Purpose: The objective of this study was to separate multiple signal components present in functional MRI (fMRI) data sets. Blind source separation techniques were applied to the analysis of fMRI data to determine multiple physiologically relevant independent signal sources.
Method: Computer simulations were performed to test the reliability and robustness of the independent component analysis (ICA). Four subjects (3 males and 1 female between 14 and 29 years old) were scanned under various stimulus conditions: (1) rest while breathing room air, (2) bilateral finger tapping while breathing room air, and (3) hypercapnia during bilateral finger tapping.
Results: Simulations performed on synthetic data sets demonstrated that not only could the algorithm reliably detect the shapes of each of the source signals, but it also preserved their relative amplitudes. The algorithm also performed robustly in the presence of noise. With use of fMRI time series data sets from bilateral finger tapping during hypercapnia, distinct physiologically relevant independent sources were reliably estimated. One independent component corresponded to the hypercapnic cerebrovascular response, and another independent component corresponded to cortical activation from bilateral finger tapping. In three of the four subjects, the underlying fluctuations in signal related to baseline respiratory rate were identified in the third independent component. Principal component analysis (PCA) could not separate these two independent physiological components.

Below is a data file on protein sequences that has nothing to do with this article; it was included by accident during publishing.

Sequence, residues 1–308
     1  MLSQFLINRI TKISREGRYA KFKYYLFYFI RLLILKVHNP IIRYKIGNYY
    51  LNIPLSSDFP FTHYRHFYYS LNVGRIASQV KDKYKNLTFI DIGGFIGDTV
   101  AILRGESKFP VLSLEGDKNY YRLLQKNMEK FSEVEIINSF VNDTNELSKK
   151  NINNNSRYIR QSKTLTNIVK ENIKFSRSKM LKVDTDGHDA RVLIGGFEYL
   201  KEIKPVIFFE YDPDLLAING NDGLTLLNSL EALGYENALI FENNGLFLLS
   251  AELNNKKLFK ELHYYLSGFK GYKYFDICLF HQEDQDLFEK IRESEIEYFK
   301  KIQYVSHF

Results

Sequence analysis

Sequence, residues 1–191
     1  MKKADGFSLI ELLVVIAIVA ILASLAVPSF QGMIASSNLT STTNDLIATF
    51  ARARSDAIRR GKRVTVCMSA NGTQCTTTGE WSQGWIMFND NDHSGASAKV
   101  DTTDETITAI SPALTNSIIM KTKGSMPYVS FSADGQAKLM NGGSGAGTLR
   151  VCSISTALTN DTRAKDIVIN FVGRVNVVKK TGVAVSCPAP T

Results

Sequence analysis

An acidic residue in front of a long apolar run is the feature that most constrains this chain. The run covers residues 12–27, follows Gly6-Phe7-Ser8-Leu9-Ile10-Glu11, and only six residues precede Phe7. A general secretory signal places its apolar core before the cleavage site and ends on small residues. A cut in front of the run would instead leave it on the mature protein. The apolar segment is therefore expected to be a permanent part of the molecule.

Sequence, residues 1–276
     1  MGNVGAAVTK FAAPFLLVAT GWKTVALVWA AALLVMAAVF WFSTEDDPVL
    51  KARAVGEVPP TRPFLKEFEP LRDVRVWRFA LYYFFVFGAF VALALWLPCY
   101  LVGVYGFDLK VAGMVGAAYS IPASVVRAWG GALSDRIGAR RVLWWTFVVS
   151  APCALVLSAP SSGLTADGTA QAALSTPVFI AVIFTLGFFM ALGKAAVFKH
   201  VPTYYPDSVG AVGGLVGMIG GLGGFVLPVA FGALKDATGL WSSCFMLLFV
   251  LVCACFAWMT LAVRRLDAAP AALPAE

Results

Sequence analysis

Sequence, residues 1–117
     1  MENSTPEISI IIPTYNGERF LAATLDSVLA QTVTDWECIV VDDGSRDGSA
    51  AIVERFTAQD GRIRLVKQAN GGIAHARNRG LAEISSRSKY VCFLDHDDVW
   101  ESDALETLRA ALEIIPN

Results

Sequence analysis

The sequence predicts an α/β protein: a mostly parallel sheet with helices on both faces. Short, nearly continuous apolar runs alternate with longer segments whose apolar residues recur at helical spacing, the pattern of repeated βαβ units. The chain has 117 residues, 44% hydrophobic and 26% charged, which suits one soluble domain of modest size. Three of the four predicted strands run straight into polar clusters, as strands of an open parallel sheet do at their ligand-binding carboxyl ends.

Conclusion: With use of ICA, signals originating from independent sources could be separated from a linear mixture of observed data. Limitations of PCA were also demonstrated.